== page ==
They even decided to drop support for comma separated values files in the Swedish version of Excel. We got semi-colon separated values files instead.

Smells like a WTF.

One which is great fun when your business operates in several countries in Europe and they expect to be able to pass files around. I keep telling them "they're not compatible" and they just stare blankly.

I do have good reasons for my low opinion of Excel.

• Sigh.

0.2 does not have a binary, floating-point representation.  Quite simply, 0.2 != 0.2 in IEEE floating-point.  I'm not entirely positive whether Excel uses single-precision floats with 23 bits of mantissa, or double-precision with 52 bits, but in either case, it only displays the first 15 bits.  You can test this easily; try typing 1.00000000000002 into a cell; you'll see that it "sticks" (it displays as "1", but the full value is shown at the top).  Then try typing 1.000000000000002; you'll see that it doesn't stick, and just becomes "1", even in the top input box.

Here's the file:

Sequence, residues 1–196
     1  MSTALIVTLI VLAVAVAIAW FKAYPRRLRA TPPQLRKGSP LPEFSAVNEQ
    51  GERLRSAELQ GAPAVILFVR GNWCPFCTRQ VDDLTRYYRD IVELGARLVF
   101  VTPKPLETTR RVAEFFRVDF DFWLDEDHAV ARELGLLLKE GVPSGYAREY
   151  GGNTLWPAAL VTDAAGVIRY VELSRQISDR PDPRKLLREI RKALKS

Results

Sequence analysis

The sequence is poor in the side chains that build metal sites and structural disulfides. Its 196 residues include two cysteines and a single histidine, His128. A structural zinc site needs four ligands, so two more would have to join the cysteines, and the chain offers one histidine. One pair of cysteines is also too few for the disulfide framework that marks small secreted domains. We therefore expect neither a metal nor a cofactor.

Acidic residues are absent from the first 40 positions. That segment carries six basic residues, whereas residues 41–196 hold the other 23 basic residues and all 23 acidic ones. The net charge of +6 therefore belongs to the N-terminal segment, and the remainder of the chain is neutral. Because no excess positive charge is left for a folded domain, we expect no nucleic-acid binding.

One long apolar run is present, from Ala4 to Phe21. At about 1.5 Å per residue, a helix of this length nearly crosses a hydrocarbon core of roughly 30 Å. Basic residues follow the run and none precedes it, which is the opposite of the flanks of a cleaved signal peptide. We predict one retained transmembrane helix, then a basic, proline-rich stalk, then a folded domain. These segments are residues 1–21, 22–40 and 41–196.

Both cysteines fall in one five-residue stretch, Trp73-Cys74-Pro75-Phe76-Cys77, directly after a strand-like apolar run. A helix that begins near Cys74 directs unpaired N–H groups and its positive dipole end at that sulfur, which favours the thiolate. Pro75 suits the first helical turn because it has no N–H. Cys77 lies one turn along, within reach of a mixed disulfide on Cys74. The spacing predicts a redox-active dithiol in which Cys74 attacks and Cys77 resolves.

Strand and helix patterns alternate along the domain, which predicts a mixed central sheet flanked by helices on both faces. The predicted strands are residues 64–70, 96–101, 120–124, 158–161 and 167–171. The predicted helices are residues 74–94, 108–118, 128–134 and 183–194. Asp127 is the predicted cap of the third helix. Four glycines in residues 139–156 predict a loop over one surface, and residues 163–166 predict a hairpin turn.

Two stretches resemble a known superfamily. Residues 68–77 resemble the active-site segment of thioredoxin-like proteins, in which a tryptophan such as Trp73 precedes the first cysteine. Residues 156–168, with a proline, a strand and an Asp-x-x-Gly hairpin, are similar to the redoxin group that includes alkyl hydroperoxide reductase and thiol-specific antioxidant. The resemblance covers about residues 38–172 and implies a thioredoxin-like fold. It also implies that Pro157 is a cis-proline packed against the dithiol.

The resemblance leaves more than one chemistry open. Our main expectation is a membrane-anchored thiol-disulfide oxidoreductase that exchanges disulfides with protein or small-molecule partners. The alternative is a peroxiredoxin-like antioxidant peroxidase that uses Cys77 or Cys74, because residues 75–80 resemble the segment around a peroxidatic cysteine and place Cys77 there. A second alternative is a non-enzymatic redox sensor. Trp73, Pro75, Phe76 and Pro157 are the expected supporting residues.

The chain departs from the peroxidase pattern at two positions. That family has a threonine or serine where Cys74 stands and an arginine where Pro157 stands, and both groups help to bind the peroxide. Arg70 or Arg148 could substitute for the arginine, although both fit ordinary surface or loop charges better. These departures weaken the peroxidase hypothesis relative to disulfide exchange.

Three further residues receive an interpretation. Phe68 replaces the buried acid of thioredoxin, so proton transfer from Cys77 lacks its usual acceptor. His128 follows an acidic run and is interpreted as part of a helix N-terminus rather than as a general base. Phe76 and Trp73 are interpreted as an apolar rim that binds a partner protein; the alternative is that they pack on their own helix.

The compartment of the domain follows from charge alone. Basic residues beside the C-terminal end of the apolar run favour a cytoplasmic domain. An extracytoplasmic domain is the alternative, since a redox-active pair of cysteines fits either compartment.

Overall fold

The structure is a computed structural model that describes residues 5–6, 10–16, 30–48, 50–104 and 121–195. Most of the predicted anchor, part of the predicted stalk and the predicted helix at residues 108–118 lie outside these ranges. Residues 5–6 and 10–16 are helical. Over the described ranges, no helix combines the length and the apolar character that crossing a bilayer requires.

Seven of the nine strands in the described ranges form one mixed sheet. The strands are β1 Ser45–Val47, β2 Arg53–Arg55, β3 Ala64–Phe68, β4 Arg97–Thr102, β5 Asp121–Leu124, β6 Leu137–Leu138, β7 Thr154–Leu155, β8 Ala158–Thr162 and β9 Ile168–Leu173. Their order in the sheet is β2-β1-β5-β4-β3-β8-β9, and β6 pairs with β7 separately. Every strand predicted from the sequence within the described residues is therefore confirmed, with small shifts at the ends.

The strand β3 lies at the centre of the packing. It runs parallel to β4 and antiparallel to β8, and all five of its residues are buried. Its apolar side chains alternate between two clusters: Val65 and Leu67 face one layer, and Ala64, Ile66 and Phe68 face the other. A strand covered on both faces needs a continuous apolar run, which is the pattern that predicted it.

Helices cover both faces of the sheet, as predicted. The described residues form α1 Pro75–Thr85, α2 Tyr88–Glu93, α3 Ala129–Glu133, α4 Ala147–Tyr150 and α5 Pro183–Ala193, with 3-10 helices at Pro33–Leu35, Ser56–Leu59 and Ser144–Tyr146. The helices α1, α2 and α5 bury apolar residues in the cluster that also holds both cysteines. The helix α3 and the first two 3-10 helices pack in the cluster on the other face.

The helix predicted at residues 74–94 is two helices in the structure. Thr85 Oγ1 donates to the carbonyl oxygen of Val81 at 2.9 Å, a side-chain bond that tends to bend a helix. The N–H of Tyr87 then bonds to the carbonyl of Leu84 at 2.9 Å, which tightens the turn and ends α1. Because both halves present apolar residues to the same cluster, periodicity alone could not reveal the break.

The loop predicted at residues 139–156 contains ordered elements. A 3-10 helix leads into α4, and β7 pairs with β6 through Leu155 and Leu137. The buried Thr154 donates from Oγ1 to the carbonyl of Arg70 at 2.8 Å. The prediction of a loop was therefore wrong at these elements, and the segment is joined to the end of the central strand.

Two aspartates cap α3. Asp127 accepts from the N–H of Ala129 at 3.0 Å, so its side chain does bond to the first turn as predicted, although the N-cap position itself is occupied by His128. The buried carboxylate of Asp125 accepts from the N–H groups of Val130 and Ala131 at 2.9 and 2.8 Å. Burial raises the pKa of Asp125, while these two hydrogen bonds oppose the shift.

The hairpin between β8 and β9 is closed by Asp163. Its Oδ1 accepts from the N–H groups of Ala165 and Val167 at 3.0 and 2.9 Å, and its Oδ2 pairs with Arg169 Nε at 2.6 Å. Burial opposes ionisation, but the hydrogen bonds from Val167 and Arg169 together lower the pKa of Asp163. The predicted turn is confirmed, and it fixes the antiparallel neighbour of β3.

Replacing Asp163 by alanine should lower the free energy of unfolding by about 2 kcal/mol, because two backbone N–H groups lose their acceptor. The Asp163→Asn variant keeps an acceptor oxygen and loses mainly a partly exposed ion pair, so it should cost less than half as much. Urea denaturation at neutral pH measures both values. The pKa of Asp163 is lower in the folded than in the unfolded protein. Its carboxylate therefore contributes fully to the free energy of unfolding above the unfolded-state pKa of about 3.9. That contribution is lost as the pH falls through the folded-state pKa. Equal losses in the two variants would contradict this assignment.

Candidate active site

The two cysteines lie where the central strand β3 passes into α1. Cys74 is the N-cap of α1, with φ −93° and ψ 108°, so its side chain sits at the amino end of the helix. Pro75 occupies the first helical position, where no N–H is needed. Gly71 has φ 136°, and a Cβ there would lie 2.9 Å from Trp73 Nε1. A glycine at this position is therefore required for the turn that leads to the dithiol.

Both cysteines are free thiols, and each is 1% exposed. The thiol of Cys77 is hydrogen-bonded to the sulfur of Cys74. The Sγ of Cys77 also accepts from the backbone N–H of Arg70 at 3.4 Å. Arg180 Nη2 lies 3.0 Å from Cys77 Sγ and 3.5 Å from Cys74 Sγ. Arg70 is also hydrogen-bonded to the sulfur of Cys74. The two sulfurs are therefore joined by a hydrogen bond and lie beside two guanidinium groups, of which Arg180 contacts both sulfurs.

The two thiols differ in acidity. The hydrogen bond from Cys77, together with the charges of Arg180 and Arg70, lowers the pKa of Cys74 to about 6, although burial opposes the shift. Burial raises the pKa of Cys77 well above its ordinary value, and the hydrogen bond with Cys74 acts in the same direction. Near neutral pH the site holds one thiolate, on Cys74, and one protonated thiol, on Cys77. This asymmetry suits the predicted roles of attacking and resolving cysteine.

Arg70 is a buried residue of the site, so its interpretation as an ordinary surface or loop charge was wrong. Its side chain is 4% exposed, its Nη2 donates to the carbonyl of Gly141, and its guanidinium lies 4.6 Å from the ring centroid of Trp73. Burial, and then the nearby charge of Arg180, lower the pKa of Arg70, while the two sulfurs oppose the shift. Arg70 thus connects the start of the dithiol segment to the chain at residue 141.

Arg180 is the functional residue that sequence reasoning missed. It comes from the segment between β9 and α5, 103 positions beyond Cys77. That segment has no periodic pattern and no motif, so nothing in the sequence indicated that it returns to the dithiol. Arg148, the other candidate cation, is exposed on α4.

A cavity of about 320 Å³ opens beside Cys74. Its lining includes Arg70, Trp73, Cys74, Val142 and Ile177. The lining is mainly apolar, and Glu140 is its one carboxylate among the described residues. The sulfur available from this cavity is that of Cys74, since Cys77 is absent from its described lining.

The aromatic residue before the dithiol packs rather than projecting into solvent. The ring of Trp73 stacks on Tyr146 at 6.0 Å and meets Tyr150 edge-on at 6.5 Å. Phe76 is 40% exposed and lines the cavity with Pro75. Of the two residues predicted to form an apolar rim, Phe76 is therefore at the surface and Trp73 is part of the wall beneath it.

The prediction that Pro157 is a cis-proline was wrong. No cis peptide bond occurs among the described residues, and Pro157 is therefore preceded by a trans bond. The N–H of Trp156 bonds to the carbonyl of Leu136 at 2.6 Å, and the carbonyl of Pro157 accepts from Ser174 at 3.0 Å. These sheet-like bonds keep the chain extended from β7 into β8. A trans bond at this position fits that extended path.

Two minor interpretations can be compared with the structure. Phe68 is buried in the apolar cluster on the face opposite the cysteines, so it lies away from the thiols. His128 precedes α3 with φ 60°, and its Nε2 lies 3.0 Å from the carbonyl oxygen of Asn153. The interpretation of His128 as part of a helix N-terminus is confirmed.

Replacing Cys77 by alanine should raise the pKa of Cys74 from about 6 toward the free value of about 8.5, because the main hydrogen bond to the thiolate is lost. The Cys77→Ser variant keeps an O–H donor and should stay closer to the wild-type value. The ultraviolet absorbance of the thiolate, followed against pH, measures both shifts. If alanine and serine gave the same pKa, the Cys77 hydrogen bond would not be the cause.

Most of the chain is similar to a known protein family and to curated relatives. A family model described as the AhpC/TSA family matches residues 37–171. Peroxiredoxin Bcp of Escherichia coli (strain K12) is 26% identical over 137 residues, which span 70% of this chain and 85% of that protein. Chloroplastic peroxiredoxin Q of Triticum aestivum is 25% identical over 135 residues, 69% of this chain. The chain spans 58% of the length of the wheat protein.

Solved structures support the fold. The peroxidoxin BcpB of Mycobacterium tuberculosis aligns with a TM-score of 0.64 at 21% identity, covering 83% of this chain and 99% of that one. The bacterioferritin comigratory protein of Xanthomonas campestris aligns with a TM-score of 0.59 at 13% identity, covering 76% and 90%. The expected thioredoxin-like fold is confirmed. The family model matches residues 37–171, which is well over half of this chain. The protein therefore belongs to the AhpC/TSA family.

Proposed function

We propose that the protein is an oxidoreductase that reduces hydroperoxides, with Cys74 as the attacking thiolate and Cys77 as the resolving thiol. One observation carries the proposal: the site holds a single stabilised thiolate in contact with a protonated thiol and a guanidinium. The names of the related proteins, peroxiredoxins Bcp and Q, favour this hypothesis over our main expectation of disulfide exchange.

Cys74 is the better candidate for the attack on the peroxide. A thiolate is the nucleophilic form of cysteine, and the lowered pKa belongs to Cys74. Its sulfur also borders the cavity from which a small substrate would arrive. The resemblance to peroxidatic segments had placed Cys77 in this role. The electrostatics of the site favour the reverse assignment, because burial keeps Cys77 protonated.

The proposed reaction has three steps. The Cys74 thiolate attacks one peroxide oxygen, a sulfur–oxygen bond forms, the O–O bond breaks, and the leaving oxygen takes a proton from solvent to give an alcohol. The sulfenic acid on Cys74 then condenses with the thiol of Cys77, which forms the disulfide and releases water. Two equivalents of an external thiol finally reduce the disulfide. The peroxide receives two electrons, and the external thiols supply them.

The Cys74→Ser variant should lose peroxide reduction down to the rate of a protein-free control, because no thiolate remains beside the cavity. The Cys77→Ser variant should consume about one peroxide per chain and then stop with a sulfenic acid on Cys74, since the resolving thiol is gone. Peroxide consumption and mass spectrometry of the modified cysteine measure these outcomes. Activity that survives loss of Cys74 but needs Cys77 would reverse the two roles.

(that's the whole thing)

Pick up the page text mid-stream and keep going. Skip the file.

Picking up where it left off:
Excel doesn't discard the extra bits as the result of a calculation, it just doesn't display them.  As per the aforementioned example, 1.00000000000002 just displays as 1.  However, the mantissa always starts at the first nonzero digit; so when the zeros don't trail anything, and you just have -0.000000000000003053113317719180 as you yourself have "discovered", then the first part of the mantissa is 3.053113317719180.  Not coincidentally, that's 15 significant bits.

You can see this inaccuracy long before you hit zero.  If you Copy/Paste Values on the "1" cell in your example, you'll see that it is actually 0.999999999999997.  If you do this on the "2" instead, you won't see any change in the cell value, but it will still change the end result.  Why?  Because it wasn't exactly "2" stored in that cell, it was 2 followed by at least 14 zeros followed by something else.

If you have any inclination to try to save face here by telling us that the Real WTF™ is how only 15 bits of precision are displayed, then don't bother, because you yourself have just demonstrated that Excel actually IS keeping the correct precision internally, so it really doesn't matter what's displayed for an intermediate result as long as the end result is correct.